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Positive emotions are good for your health. This isn’t just something that feels true, it’s also supported by some remarkably direct medical evidence.

One such study is described by Kabir Chibber in a short, but fascinating, piece for Quartz:

“Researchers from the University of California, Berkeley, set out to discover exactly that when they tracked emotions such as compassion, joy, love, and so on versus the levels of interleukin-6 (IL-6)—a secretion which causes inflammation in the body—in the saliva of 119 university students. The researchers found that those who regularly have positive emotions have less IL-6…”

The researchers were able to run the test for specific emotions – and one stood out as having the “strongest correlation” with the physiological response:


“‘There seems to be something about awe,’ Dacher Keltner, a psychology professor and the senior author of the study, told the New York Times. ‘It seems to have a pronounced impact on markers related to inflammation.’”

Well, that’s just wonderful. Awesome, in fact. But how does one experience awe? Chibber suggests that we contemplate the wonders of the natural world. Others might look to great art and architecture. Speaking personally, the most powerful sense of awe that I’ve experienced encompasses both science and culture, but extends far beyond either.

It’s sad that religion, when not turned to overtly evil ends, is so often drained of anything that might inspire anyone. Consider David Cameron’s Easter message, which you can read in Premier Christianity magazine. There’s nothing especially offensive about any part of it, but as a whole it is banal almost to the point of blasphemy. Here, for instance, is the conclusion:

“Easter is all about remembering the importance of change, responsibility, and doing the right thing for the good of our children. And today, that message matters more than ever.”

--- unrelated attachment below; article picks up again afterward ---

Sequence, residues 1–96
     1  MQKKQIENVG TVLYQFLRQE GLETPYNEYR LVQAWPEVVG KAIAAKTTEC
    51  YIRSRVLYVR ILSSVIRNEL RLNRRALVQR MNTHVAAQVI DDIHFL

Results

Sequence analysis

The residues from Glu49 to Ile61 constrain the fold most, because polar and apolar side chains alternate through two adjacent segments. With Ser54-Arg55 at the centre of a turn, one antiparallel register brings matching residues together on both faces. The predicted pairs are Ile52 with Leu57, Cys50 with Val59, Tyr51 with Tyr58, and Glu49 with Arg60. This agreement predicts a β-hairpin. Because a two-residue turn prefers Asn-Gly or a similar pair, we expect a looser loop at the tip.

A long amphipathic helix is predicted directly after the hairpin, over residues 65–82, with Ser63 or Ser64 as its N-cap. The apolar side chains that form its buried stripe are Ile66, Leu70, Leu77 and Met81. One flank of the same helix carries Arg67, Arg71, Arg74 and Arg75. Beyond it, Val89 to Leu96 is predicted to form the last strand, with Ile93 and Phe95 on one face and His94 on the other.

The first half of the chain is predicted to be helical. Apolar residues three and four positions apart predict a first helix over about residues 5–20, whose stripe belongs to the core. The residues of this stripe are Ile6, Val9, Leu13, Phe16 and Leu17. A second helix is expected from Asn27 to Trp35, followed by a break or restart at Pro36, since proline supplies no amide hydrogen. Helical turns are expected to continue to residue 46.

Really? If this weekend you should hear, or read, the Gospel accounts of Christ’s Passion and Resurrection, ask yourself if the “importance of change, responsibility and doing the right thing” is what Easter is all about. I always wondered what a centre-right version of Radio 4’s Thought for the Day might sound like – and now, thanks to the PM, we know.

Isabel Hardman gives her take on the Gospel of Dave for the Spectator – and is less than awestruck:

“Perhaps the truth is that it’s OK if you say you’re a Christian, but you still shouldn’t appear to believe too much more than anyone else does, sticking to stuff about turning the other cheek, rather than the things about God doing stuff. Like raising his son from the dead. That kind of stuff is a bit awkward, so best leave it out.”

The best that Christianity Lite can expect from our secularised culture is indifference – but that won’t save souls, change minds or put bums on pews. It’s a point powerfully made in the American Conservative by Rod Dreher (who quotes the Catholic theologian Bo Bonner):

“…we need our Christianity to quit trying to conform to the world, and instead to ‘be a lot stranger.’ His point is that if young people are given the choice between unbelief and a faith that puts a light God gloss on the same consumerism and materialism that everybody else lives with, then who can blame young people for rejecting it? Because that is not historic Christianity. The real thing is wild, and weird; it is not a set of ideas, but a way of life. There will always be some people — young, middle-aged, and old — haunted by the sense that there is something else there, a longing that cannot be anesthetized away.”

7 comments for: Orthodoxy of the week: Christianity is weird – and a good thing too

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